If you're hosting Thanksgiving tomorrow, be sure to leave romaine lettuce off the menu! The Center for Disease Control and Prevention (CDC) and the U.S. Food and Drug Administration (FDA) are warning everyone to avoid the classic salad green until investigators can pinpoint the exact source of an E. coli outbreak that has sickened 32 people in 11 states.
The FDA advised Americans to stop eating romaine and to toss any that's left in the fridge. Restaurants and retailers should also stop serving it until more is known.
FDA, @CDCgov, & partners are investigating a new multistate outbreak of E. coli likely linked to romaine lettuce. C… https://t.co/0fHwLJxDr5— U.S. FDA (@U.S. FDA)1542769780.0
"The quick and aggressive steps we're taking today are aimed at making sure we get ahead of this emerging outbreak, to reduce risk to consumers, and to help people protect themselves and their families from this foodborne illness outbreak. This is especially important ahead of the Thanksgiving holiday, when people will be sitting down for family meals," FDA Commissioner Dr. Scott Gottlieb said in a press release issued Tuesday. "We want to get this information out to consumers early. While we've made progress, it's still early in this investigation and work remains to pinpoint the source of contamination that contributed to this outbreak and allow us to employ more targeted measures to reduce future risk."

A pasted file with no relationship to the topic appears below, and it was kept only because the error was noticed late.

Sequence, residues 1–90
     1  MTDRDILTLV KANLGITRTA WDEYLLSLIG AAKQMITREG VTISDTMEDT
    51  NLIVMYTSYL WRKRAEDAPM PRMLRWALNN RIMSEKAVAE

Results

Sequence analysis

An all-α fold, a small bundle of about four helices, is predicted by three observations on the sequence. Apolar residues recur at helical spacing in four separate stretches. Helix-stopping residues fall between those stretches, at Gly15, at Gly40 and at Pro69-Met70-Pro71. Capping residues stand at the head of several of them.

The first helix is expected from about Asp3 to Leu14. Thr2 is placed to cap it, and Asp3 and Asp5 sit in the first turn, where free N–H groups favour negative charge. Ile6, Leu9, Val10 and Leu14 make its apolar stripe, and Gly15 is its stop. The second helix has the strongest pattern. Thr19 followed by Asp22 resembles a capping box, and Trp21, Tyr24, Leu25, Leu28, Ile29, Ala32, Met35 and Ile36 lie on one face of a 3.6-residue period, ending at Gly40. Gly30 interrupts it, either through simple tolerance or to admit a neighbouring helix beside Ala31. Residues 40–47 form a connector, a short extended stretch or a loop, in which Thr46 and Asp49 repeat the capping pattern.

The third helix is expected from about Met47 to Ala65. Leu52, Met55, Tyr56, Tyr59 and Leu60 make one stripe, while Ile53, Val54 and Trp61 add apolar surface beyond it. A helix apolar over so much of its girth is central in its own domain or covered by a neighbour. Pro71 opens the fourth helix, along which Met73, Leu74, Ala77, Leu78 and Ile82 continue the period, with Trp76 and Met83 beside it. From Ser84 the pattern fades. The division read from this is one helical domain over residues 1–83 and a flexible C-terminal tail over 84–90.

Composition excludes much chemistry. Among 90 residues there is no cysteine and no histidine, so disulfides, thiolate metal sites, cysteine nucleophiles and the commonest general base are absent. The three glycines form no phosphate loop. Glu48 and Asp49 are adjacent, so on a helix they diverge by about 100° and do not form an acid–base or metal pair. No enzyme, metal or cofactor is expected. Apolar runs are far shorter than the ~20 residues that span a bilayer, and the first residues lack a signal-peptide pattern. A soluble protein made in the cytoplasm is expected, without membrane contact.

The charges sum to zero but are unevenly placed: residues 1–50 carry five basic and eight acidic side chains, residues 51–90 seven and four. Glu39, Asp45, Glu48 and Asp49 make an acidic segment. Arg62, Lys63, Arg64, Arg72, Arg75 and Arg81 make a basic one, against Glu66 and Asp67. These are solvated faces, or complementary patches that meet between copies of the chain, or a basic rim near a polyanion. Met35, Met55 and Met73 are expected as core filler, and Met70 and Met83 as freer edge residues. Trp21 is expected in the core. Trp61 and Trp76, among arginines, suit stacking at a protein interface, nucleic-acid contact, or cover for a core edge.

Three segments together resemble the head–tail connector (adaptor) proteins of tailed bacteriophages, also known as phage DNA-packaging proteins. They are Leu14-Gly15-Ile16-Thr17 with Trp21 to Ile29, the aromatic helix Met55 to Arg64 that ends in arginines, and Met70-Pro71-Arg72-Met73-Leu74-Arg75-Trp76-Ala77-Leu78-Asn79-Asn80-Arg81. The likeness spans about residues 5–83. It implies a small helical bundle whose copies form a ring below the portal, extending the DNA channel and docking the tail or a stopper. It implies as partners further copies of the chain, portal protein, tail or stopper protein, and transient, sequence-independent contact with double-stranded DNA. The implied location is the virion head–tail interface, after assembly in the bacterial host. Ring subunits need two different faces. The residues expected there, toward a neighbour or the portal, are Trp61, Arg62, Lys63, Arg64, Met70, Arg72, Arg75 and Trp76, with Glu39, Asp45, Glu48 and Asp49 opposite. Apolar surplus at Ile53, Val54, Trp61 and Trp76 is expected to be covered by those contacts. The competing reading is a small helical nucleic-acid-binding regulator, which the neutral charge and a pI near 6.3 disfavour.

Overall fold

Cases so far have been reported in California, Connecticut, Illinois, Massachusetts, Maryland, Michigan, New Hampshire, New Jersey, New York, Ohio and Wisconsin. The particular strain causing the outbreak is called Shiga toxin-producing E. coli O157:H7, according to the CDC alert. It has sent 13 people to the hospital so far, and no one has died.
A map of states where illness has been reportedCDC
Illnesses began on Oct. 8, and the last reported case was on Oct. 31. It usually takes about two to three weeks for someone to report an illness after first getting sick, so more people might have been infected since then, the CDC said. Public health workers believe romaine is the culprit because 79 percent of the 14 infected people interviewed so far said they ate romaine lettuce in the week before getting sick, but researchers have not yet been able to pinpoint a specific grower, supplier, brand or distributor to issue a recall.
A timeline of the outbreak so farCDC
The outbreak has also crossed the border into Canada, where 18 people in Quebec and Ontario have been infected so far.
Recent illnesses reported in Ontario and Quebec suggests that there is a risk of E. coli infections associated with… https://t.co/FYYXdHXKUS— GovCanHealth (@GovCanHealth)1542765634.0
This isn't the first time salad has made people sick in the U.S. and Canada. The strain of this outbreak has a similar DNA fingerprint to one in 2017 that was linked to leafy greens in the U.S. and romaine lettuce in Canada.